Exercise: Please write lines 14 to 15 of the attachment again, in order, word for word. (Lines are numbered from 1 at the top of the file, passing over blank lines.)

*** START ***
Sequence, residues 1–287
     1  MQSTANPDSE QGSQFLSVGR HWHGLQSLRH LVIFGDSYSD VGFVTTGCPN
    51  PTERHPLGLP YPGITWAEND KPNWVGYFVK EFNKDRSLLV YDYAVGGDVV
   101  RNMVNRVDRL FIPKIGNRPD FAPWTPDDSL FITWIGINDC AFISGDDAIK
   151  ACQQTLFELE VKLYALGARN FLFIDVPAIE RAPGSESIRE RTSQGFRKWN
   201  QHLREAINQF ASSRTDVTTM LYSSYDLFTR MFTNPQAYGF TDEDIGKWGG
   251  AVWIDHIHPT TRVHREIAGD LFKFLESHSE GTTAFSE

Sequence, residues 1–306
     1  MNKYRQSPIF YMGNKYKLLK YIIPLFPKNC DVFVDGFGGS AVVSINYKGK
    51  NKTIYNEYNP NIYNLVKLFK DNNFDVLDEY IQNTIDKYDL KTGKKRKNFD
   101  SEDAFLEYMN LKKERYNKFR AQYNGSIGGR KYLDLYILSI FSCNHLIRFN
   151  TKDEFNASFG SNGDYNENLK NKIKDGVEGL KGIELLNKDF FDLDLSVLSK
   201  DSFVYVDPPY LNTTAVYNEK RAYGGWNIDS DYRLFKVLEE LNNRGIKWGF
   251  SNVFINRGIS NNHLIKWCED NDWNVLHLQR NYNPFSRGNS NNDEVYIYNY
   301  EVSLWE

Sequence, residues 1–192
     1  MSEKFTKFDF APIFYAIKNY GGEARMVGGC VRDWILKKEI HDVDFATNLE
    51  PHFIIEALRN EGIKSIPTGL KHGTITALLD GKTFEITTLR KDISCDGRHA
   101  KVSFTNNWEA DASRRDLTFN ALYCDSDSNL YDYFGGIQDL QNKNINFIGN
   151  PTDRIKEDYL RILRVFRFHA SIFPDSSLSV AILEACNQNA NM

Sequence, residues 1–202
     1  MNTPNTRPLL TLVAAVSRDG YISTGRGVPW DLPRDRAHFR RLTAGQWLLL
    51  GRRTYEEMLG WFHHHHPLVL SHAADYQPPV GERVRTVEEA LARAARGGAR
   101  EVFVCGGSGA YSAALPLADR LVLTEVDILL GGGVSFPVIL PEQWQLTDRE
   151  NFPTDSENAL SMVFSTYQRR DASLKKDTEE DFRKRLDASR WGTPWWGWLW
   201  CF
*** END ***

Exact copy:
   251  SNVFINRGIS NNHLIKWCED NDWNVLHLQR NYNPFSRGNS NNDEVYIYNY
   301  EVSLWE